Vale Frank McCourt

Frank McCourt, 2007 (Photo by David Shankbone, used under Creative Commons Attribution ShareAlike 3.0)

Frank McCourt, 2007 (Photo by David Shankbone, used under Creative Commons Attribution ShareAlike 3.0)

I’ve only read one of Frank McCourt’s books, his Pulitzer Prize winning memoir, Angela’s ashes. I loved it, but for some reason didn’t really feel the need to read more, though I’m sure I would have enjoyed them if I had!

Angela’s ashes was such a visceral read. I’ve never read quite such a vivid description of poverty as I found in this book. I know there are some who claim that he exaggerated it but who cares? My sense is that what he described was “real” – real either because it “really” did happen that way or because it genuinely conveyed what deep poverty “feels” like. And, the fact that he could describe such poverty in a way that could make you laugh and cry at the same time marked him out as a true storyteller. One of the, little really, scenes I remember is when he was in hospital and isolated in a ward on his own. The nurse wouldn’t let him talk to the equally lonely and isolated girl in the ward next door. The nurse would yell out to them, “Diphtheria can’t talk to Typhoid” (or vice versa). Oh dear! Just as well he had a sense of humour I reckon.

I saw the film, too, of course. As I recollect it was true to the facts but it somehow managed to convey the grimness without the accompanying humour. That was a shame really.

Anyhow, now McCourt has died. I’m sure his death will result in a resurgence of interest in his books. Commercial, yes, but why should new readers not have his books brought to their attention? There are far worse books they could be reading! Just ask Tom Keneally, who knew McCourt and was interviewed on the radio today. He said :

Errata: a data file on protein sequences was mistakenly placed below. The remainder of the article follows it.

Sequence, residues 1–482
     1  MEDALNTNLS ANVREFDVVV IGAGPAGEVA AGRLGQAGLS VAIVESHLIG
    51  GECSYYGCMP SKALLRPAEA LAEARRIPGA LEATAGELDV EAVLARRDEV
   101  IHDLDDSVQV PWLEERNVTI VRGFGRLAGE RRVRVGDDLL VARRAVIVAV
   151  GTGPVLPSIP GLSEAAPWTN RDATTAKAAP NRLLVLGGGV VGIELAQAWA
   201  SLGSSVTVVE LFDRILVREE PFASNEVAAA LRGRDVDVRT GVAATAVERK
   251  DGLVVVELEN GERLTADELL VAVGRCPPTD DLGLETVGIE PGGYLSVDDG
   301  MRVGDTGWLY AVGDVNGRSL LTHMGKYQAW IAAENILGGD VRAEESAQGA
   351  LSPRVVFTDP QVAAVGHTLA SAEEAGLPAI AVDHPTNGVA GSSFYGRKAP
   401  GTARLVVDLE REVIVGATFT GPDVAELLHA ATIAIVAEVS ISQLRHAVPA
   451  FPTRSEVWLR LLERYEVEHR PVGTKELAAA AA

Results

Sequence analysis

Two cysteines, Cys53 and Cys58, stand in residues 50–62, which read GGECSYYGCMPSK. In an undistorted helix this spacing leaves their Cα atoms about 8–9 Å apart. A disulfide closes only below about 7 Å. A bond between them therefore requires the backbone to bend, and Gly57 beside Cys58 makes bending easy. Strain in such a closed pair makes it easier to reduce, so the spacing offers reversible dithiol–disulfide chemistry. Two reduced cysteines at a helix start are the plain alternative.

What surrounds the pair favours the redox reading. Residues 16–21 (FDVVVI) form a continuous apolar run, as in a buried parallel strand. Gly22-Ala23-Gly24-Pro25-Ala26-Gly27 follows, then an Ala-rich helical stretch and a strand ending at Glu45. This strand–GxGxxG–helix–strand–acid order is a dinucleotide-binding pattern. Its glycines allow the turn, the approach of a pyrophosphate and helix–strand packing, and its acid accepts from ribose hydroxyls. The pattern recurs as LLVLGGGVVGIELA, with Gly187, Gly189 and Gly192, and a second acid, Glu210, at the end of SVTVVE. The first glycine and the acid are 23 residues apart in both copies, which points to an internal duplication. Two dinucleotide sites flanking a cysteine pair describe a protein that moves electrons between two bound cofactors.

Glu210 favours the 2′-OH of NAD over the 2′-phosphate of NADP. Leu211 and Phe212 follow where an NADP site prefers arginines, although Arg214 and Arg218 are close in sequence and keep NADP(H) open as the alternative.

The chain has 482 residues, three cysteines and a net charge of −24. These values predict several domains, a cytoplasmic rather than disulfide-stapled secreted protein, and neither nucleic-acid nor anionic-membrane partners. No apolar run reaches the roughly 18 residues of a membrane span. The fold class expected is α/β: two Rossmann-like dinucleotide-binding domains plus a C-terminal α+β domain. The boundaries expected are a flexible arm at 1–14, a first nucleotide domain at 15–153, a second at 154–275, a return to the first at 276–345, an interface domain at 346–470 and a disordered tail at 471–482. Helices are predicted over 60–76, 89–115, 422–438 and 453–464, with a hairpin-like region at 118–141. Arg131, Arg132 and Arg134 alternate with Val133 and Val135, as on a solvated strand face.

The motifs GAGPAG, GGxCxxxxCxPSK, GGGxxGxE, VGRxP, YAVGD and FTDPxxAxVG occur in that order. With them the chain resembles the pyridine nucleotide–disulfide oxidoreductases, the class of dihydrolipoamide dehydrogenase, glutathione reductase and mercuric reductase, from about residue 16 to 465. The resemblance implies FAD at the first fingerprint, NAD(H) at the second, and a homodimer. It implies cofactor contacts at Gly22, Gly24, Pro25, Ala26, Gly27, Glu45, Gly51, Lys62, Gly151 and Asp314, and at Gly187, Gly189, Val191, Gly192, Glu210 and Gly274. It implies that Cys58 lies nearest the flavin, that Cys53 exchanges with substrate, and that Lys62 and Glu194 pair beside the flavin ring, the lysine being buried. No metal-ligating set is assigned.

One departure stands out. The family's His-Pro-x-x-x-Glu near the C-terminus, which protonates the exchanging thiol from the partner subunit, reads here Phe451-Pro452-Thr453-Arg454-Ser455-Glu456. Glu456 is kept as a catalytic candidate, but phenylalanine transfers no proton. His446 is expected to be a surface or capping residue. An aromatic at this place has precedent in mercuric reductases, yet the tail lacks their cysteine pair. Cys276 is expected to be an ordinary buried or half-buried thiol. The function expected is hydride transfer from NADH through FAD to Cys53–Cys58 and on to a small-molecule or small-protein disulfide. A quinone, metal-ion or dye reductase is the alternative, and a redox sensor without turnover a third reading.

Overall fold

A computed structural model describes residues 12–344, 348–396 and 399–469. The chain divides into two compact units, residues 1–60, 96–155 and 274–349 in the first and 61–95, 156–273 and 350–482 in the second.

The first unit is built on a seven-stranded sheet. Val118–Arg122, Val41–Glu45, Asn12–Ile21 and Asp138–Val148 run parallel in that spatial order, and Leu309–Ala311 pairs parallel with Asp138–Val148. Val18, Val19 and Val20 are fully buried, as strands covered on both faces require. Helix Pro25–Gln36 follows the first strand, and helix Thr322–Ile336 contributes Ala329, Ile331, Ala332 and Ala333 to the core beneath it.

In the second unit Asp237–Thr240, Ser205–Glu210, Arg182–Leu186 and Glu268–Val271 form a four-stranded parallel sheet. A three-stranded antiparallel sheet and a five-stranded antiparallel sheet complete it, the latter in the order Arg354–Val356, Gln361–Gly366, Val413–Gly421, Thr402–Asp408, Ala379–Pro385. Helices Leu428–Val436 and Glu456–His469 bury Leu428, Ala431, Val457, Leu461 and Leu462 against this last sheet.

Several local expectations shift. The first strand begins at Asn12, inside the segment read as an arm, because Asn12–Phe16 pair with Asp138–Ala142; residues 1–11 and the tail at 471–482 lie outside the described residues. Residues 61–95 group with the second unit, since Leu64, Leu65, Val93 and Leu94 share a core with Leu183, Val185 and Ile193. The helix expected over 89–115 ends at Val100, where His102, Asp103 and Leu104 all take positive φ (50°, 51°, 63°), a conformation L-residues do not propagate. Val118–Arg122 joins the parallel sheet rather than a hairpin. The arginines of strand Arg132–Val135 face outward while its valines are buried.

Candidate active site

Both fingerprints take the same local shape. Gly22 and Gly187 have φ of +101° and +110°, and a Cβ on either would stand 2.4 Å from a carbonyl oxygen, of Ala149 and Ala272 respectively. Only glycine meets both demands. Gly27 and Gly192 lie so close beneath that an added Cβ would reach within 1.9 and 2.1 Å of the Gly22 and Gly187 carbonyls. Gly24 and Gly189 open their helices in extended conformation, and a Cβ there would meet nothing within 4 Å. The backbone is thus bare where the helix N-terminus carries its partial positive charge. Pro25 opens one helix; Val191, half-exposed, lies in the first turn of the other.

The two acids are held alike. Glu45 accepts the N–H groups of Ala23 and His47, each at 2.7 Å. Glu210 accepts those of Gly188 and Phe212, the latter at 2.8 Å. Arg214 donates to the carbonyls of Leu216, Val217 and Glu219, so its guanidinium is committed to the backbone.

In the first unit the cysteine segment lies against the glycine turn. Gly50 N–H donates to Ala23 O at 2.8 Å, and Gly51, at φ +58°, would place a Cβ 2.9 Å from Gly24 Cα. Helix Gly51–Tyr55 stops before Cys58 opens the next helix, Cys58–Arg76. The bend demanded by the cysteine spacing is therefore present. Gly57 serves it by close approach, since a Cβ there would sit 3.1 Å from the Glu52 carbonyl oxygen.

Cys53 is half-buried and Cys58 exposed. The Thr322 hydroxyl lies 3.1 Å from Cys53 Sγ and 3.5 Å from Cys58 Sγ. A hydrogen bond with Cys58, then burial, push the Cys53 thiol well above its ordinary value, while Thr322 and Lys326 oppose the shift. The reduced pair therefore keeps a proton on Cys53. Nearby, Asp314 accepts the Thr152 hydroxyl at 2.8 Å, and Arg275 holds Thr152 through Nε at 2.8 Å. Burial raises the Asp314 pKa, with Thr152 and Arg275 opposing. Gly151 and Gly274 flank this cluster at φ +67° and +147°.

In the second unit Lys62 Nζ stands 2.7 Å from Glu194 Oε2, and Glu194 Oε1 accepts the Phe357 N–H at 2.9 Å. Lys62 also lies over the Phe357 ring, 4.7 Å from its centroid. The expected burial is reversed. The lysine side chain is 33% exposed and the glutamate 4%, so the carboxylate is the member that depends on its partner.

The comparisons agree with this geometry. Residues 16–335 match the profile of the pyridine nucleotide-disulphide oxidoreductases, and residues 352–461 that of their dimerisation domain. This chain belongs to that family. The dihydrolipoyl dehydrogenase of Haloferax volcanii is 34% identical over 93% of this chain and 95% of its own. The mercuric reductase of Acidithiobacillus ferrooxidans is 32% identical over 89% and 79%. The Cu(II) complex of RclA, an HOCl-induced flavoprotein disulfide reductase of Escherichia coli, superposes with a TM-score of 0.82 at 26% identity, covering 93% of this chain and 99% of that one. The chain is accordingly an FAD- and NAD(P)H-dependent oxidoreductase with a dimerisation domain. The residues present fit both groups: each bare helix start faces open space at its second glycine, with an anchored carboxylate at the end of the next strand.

He is the only man I’ve known who in his mid-60s went from a school teacher pension to being a multi-millionaire and also remaining the same bloke he’d been before it all happened to him. The same whimsical, ironic, very Australian sense of humour he had. …

In the first paragraph [of Angela’s ashes] he mentions the fact that in Limerick the churches were full but he says that was because it rained all the time. It was not piety but hypothermia that filled the benches and I think you would have to search a long way back into Irish history to find such a funny line as that.

I am missing him even now. I have to say starting, as old men do, to get teary that such a grand spirit has departed this earth …

2 thoughts on “Vale Frank McCourt

  1. The first author of what’s been called “misery memoirs” and what my local bookseller stores on a shelf titled “tragic childhoods”. Alas, too many Irish children have had much to feel bad about judging by the thousands now claiming compensation from the Catholic Church

  2. LOL Tom, I didn’t really realise that’s what they were called – but, my husband often comments on my attraction to misery movies. “Tragic childhoods” – I like it. Well, the description, not the fact that they have happened!

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